Venustiano Carranza Biography

Venustiano Carranza, a prominent leader of the Mexican Revolution, played a crucial role in the Mexican Civil War and served as the president of Mexico. Known as the “Primer Jefe” of the Constitutionalists, Carranza initially became the governor of Coahuila under Francisco I. Madero’s administration. Following Madero’s assassination in 1913, Carranza devised the Plan de Guadalupe to overthrow Victoriano Huerta. However, his relationship with fellow revolutionaries Emiliano Zapata and Pancho Villa deteriorated, leading Carranza to suppress them later on. From 1915 to 1917, he held the position of head of state in Mexico and was elected as the president after the declaration of the new Mexican constitution in 1917. Despite his intentions to replace himself with Ignacio Bonillas, Carranza faced a rebellion led by Álvaro Obregón under the Plan of Agua Prieta. Tragically, Carranza met his demise while en route to Mexico City.

Quick Facts

  • Also Known As: José Venustiano Carranza de la Garza
  • Died At Age: 60
  • Family:
    • Spouse/Ex-: Virginia Salinas (m. 1882)
    • Father: Jesús Carranza Neira
    • Mother: María de Jesús Garza
    • Siblings: Jesús Sebastian Carranza
    • Children: Jesús Carranza Hernández, Leopoldo Carranza Salinas, Rafael Carranza Hernández, Venustiano Carranza Hernández, Virginia Carranza
  • Born Country: Mexico
  • Presidents
  • Political Leaders
  • Height: 6’4″ (193 cm), 6’4″ Males
  • Died on: May 21, 1920
  • Place of death: Tlaxcalantongo
  • Cause of Death: Assassination

Childhood & Early Life

Venustiano Carranza was born José Venustiano Carranza de la Garza on December 29, 1859, in Cuatro Ciénegas, a town in the state of Coahuila, Mexico. He was born into an upper middle-class ranching family, with his father, Jesús, being a rancher and mule driver. Jesús also fought in wars and was associated with Benito Juárez. Carranza was the 11th of 15 children and received his education at the Liberal school ‘Ateneo Fuente’ and the ‘Escuela Nacional Preparatoria’ in Mexico City.

Association with Madero

After completing his studies, Carranza returned to Coahuila to work on his farm due to an eye disease that prevented him from becoming a doctor. His family’s wealth helped him become the mayor of his hometown in 1887. In 1893, Carranza joined a revolt against a corrupt governor and became acquainted with Bernardo Reyes, a close friend of Porfirio Díaz. Carranza climbed the political ladder and became a congressman and then a senator. He eventually joined Francisco I. Madero’s movement and became the minister of war in Madero’s cabinet.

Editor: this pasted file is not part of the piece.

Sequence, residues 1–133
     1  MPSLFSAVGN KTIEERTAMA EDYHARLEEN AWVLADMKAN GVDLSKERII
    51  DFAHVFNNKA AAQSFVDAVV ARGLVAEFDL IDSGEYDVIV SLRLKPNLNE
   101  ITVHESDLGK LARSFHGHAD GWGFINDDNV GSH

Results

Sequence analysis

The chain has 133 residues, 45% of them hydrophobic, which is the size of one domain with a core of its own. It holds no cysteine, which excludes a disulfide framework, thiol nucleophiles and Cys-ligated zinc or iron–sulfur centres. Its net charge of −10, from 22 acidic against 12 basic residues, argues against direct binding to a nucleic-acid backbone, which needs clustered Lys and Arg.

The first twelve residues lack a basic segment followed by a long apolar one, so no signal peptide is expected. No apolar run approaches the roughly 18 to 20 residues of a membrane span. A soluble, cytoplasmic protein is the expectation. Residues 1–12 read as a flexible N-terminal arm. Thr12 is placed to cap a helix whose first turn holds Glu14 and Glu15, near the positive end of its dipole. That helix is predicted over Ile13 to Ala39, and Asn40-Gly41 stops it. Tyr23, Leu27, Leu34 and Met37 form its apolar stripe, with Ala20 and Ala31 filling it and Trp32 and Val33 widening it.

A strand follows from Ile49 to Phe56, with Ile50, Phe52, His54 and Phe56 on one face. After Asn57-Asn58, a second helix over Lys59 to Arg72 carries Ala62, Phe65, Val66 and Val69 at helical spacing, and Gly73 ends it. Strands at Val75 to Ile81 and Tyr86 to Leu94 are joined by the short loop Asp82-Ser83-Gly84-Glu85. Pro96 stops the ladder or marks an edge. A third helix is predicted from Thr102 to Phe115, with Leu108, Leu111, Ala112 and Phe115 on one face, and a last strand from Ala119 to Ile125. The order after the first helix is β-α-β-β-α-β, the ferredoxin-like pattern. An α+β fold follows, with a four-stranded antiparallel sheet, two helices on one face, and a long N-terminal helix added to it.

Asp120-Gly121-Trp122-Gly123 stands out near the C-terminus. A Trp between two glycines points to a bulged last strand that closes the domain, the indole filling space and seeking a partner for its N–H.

Rebellion against Huerta

After Madero was overthrown and assassinated by Victoriano Huerta, Carranza launched a rebellion against Huerta’s government. He formed the ‘Plan de Guadalupe’ and became the “Primer Jefe” (“First Chief”) of the ‘Constitutionalist Army’. Carranza fought against Huerta’s forces and eventually marched into Mexico City.

As the President of Mexico

After Huerta’s fall, Carranza formed a government and declared himself the head. He passed new laws and minted money. However, he clashed with his previous associates Villa and Zapata. Carranza faced political unrest and opposition, but he officially became the constitutional president of Mexico in May 1917. Despite expectations of significant reform, Carranza did not bring about many changes.

Clash with Obregón

Obregón, who wished to run for president, became Carranza’s opponent. Carranza launched a campaign against Obregón, but his forces were eventually defeated. Carranza was forced to retreat and was later attacked and killed in May 1920.

Family & Personal Life

Carranza was married to Virginia Salinas Balmaceda and had two daughters and a son with her. He later married Ernestina Hernández and had four sons. Carranza was often referred to as “the billy goat” by his enemies due to his long beard.

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